IMR Practices May Be Legal, Yet...

...Using IMR to shift costs of treatment away from workers' comp and to the federal government may be a recipe for long-term disaster.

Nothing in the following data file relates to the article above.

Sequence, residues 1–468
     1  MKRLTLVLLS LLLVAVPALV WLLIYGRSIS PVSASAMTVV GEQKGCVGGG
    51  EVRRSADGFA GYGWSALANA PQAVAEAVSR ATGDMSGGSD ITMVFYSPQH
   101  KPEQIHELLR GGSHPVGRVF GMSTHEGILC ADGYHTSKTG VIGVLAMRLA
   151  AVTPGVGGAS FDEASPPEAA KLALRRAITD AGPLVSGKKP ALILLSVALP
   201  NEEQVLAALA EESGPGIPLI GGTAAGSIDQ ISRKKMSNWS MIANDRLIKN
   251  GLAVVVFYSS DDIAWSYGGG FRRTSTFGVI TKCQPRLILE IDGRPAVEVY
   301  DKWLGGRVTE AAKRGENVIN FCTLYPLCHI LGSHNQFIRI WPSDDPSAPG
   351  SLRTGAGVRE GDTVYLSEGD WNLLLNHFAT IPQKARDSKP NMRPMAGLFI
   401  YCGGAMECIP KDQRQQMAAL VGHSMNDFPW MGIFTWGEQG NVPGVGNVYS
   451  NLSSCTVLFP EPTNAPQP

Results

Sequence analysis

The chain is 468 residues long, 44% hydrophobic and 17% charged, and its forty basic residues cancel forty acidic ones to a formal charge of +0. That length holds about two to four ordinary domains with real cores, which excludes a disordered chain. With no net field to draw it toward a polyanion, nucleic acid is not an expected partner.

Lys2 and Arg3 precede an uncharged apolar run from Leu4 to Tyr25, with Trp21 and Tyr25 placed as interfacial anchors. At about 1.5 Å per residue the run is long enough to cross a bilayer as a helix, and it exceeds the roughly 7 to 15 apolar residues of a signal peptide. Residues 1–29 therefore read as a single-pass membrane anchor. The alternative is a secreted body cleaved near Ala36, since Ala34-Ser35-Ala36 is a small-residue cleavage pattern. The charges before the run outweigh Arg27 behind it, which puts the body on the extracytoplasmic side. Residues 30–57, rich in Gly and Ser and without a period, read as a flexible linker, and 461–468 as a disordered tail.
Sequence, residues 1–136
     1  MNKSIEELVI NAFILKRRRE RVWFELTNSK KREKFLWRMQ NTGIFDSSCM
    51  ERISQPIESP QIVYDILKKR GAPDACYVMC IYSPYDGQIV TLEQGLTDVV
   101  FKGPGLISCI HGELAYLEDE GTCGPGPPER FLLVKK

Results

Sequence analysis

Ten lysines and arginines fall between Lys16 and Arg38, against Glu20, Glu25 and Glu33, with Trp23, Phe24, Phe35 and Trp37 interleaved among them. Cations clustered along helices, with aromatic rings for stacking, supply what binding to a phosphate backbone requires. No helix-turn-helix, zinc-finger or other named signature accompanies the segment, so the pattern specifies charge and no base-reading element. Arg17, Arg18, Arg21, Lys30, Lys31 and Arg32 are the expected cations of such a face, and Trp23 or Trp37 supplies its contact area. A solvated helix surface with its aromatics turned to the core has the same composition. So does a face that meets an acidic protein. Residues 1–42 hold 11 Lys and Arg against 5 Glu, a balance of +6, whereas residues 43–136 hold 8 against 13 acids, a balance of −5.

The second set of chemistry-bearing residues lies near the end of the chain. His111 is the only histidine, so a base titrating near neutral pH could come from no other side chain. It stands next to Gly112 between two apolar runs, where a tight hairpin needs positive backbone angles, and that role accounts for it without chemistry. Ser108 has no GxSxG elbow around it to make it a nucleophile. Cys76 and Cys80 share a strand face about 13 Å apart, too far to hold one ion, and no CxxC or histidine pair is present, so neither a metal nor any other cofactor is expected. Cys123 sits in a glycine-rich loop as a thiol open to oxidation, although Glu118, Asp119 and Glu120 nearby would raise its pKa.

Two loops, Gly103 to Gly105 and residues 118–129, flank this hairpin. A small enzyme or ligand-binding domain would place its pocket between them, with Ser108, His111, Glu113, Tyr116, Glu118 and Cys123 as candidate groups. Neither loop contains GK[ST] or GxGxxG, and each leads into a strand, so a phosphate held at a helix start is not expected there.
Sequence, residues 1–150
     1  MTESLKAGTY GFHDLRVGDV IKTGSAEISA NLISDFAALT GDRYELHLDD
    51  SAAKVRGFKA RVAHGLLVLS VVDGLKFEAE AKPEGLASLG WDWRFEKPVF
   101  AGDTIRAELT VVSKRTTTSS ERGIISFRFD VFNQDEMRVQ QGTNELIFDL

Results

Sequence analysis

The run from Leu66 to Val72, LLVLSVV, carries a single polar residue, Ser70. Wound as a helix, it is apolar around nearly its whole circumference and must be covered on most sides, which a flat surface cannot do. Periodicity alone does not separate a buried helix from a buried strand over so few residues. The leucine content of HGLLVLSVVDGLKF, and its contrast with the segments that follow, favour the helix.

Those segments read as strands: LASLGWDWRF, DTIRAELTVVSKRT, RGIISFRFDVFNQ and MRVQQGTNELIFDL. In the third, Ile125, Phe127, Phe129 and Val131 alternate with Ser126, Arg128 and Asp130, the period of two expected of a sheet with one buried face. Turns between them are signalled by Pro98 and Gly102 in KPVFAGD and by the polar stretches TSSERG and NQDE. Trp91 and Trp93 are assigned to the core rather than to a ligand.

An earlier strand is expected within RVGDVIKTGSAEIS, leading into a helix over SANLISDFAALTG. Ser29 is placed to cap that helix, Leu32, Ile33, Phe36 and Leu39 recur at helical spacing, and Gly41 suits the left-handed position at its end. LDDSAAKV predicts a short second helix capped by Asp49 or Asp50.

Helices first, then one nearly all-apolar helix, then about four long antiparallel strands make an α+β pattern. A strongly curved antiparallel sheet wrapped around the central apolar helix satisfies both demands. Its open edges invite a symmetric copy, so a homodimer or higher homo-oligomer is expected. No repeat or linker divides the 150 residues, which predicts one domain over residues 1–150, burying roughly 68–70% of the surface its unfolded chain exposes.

There is one element of human behavior that is not very well appreciated by most people -- for the most part, socialized humans follow the law. However, people acting completely rationally will also take advantage of the law. They will not break the law, but nearly all of us will push the boundaries to accomplish our missions. We do this every day driving our cars. We exceed the speed limit all over the place -- maybe not by much; as we know, police officers are rather tolerant of someone going five miles per hour over the limit and much less tolerant of someone going ten over. Part of this behavior stems from the fact that, with very little exception, laws, rules and regulations are restrictive -- they tell us what we can't do but don't tell us what we can do. For the most part, this is because it is really very hard to determine what will be allowed -- it's much easier to describe what won't be allowed. When we combine law-abiding people who want to get their job done along with restrictive laws, we end up with what are commonly known as loopholes. Loopholes exist because someone who needs to get something accomplished found a way to do so regardless of some proscription. Take California's independent medical review (IMR). IMR was conceived to expedite medical decisions outside of the court system. (Whether this mission is accomplished is the subject of much debate -- and is not the subject of this post.) But IMR has produced an unintended consequence that arises from people doing their jobs, and doing the job well, within the constricts of the law. There is a faction of the workers' compensation industry whose job is to minimize ultimate claims costs. These are good, law-abiding, citizens. They follow the law ... carefully and considerately. What they have discovered is that an IMR denial of treatment is a final determination, and a final denial of treatment within the workers' compensation context means that item can be removed from consideration when establishing a Medicare Set-Aside trust. In other words, something that a workers' compensation payer would have been liable for before IMR is no longer a continuing liability to either the injured worker or to the federal government. This also means that the cost of treatment is shifted from worker's comp to Medicare. Although this may be perfectly legal, and certainly even prudent from the workers' compensation payer's viewpoint, my bet is that this was not intended by the authors of SB 863, nor any other medical treatment limitation law in any other state. The unintended consequence challenges the future of workers' compensation. The purpose of workers' compensation, as we have said time and time again, is to make it affordable for an employer to take care of injured workers. We all get that. But I think we forget a fundamental concept: The obligation is the employer's. We don't fulfill this mission when we shift the responsibility to someone else, such as the federal government via Medicare or Social Security. Doing so, regardless of legality, invites scrutiny. And when there's enough scrutiny there's inquisition. And when there's enough inquisition, there's interference. We're on the cusp of that now. The public image of workers' compensation couldn't be lower. There are many talking about skimpy benefits, of wrongfully denied medical treatment, of passing the buck and of otherwise shirking responsibility. These are acts that are, for the most part, the product of people working within the law to accomplish their missions and jobs without regard or even an idea of negative consequences. This is now playing out with California IMR. California IMR has been under attack since inception. The California Third District Court of Appeals, in Ramirez v. WCAB (SCIF), No. C078440, has granted review to test its constitutionality. Ramirez joins a case already pending at the 1st DCA, Stevens v. WCAB (Outspoken Entertainment), No. A143043, which also seeks to have IMR declared invalid. The basis of these cases is that fundamental rights of due process are violated because there is no legal review process. Perhaps those challenging IMR have an argument. And just because someone is acting within the bounds of the law doesn't make that action right, correct or good policy. When OSHA released its recapitulation of prior research on the adequacy of workers' compensation, it was seen by many as overreaching based on faulty research. Maybe, but this industry should be fearful, because OSHA's report is, in reality, the dog barking because someone is intruding on its property and territory. It may not be trespassing, and there may be invitation, but the dog doesn't know that and doesn't care. Eventually, the dog will bite. The states won't like that at all.

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